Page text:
I don’t take my horses cross country schooling until 2-3 weeks before the first event. Usually because the ground isn’t good enough and I also like my horses to be fully fit before I start taking them on harder ground. But again, this is personal preference to you and your horses experience and confidence. 

Some very important things that you should consider before and during the fitness process: 

  • Saddle and tack fit. If your horse has had a break it’s likely your saddle may be a bit snug. I would recommend getting your saddle checked before you start fitness work and also getting it checked when your horse gets fitter, as again they would have changed shape. 
  • Having a physio or chiro to check your horse before you begin is a good place to start. It’s good to check your horse hasn’t niggled anything in the field while on a break. It’s important to tell you chiro/physio your fitness plans so they can help you and work with you. They will help advise you on how often they think your horse should be seen. When my horses begin fitness work my chiro and physio bounce between each other monthly to ensure the horses are developing as they should.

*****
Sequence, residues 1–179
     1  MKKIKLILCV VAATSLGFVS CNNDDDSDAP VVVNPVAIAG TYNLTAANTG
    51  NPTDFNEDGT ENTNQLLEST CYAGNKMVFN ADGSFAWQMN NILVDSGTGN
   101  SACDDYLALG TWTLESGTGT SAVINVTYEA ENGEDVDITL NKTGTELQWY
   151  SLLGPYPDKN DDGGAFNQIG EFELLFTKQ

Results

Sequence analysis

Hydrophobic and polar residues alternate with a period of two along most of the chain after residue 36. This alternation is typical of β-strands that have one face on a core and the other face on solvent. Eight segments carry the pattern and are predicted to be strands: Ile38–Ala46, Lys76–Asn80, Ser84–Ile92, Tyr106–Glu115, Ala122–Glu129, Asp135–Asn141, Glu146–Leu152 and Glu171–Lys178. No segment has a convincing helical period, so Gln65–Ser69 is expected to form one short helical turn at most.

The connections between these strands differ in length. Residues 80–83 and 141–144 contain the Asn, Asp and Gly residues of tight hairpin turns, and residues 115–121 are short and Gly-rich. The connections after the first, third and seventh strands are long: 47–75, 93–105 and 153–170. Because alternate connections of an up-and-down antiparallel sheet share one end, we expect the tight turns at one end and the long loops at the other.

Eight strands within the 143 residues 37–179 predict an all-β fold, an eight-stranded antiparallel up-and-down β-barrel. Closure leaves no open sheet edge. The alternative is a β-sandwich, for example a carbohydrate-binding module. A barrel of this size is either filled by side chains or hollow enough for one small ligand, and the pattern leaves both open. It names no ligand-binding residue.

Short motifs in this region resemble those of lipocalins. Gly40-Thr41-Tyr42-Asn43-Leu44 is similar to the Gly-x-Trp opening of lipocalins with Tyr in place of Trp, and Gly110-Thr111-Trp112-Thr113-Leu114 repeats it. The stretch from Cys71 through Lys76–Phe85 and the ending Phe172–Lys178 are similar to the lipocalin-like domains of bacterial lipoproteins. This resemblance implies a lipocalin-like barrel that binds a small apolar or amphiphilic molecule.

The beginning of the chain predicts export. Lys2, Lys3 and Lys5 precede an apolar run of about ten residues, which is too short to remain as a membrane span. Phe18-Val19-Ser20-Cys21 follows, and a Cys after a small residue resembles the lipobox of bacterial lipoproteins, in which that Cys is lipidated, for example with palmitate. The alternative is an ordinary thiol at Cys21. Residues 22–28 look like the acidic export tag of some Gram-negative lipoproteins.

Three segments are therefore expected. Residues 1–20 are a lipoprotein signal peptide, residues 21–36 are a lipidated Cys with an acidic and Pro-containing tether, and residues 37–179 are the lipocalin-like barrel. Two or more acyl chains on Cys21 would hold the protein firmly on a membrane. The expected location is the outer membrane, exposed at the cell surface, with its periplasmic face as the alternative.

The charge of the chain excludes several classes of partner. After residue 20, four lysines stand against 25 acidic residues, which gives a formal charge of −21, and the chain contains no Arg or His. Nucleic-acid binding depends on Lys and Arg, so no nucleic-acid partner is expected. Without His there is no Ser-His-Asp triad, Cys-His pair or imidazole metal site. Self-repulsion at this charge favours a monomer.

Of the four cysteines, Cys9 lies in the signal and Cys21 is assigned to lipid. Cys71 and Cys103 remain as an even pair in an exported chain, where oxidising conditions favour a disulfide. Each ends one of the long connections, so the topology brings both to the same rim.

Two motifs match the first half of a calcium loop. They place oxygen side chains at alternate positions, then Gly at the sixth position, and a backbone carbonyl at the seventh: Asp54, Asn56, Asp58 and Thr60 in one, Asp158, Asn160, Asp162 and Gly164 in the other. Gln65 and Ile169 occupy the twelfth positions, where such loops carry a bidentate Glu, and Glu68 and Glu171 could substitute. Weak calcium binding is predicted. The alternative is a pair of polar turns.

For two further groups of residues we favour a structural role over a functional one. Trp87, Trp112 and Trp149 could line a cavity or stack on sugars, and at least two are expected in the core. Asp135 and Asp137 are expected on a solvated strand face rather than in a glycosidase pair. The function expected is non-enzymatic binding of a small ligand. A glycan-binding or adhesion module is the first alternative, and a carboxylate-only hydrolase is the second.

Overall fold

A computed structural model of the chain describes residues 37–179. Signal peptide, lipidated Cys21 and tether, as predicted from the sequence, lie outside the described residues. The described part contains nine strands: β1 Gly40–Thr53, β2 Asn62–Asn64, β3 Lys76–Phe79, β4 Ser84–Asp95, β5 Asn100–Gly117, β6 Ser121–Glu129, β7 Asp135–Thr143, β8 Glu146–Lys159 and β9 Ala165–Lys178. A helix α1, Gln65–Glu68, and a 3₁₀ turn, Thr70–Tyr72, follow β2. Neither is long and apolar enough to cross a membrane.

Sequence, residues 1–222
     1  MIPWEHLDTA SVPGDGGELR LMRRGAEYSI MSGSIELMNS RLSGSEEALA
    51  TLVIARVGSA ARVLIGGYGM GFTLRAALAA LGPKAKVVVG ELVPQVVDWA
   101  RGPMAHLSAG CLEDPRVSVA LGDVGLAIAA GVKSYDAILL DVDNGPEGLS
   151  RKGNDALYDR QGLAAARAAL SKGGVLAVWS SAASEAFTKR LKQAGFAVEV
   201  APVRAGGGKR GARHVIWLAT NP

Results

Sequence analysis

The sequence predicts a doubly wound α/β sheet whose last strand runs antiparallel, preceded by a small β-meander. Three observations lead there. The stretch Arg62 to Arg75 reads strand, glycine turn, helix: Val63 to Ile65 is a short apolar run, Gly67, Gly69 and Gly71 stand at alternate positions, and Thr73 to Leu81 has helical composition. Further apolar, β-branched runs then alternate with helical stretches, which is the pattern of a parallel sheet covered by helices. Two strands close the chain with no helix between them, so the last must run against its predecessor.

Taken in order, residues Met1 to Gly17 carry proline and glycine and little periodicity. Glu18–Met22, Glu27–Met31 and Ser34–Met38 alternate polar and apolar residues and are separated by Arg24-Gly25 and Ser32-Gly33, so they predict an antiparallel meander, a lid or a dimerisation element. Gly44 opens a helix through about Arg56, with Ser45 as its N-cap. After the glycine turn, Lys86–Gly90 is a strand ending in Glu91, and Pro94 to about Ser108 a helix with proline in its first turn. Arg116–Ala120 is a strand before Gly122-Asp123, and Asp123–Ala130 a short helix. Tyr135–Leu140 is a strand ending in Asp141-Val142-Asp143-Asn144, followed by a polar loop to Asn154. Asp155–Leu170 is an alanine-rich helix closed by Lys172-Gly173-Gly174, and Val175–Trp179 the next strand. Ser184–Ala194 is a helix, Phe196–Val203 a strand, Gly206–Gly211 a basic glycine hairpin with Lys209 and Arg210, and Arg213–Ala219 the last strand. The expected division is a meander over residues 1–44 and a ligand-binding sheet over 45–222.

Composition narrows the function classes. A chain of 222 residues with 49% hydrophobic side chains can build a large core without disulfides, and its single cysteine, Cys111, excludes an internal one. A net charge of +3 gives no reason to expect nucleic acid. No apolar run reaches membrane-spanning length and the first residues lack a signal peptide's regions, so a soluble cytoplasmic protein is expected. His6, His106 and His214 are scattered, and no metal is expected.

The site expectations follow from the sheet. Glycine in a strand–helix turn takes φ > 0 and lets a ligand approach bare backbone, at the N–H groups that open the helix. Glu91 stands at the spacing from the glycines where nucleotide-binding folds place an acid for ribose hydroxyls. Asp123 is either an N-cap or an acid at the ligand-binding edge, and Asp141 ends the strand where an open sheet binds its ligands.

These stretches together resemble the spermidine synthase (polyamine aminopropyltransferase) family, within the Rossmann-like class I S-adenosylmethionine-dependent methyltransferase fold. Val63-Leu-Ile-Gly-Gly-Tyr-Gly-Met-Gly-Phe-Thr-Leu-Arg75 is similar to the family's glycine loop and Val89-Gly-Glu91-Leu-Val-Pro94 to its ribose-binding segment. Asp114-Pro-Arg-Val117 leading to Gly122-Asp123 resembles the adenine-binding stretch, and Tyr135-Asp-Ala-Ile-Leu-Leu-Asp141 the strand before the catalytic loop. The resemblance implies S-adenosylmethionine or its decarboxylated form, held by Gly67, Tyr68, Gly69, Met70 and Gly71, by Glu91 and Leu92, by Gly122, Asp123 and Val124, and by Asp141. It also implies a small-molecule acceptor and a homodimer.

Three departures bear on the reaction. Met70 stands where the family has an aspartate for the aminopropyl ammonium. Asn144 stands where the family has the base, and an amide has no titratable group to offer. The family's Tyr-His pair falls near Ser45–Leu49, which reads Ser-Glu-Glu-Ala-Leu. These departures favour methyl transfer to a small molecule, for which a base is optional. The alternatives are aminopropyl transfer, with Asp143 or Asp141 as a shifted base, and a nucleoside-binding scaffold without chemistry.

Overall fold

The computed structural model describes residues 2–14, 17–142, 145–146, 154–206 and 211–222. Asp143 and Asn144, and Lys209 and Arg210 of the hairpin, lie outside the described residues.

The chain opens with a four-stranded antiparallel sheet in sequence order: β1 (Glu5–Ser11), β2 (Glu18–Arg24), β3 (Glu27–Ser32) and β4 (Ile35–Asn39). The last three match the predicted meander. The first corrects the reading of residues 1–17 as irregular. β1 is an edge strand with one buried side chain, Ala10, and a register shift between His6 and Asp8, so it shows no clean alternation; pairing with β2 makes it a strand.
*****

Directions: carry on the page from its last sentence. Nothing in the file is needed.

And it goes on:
• Feed! Feed is an element that needs to be flexible (within reason). Chances are your horses will start with low calorie, low energy feeds to begin with, but you will need to make sure you are feeding enough of the right stuff to ensure your horse is getting everything they need while they are getting fit! I would highly recommend chatting to a feed nutritionist so they can advise you. Most feed companies have a nutritionist on hand to chat to.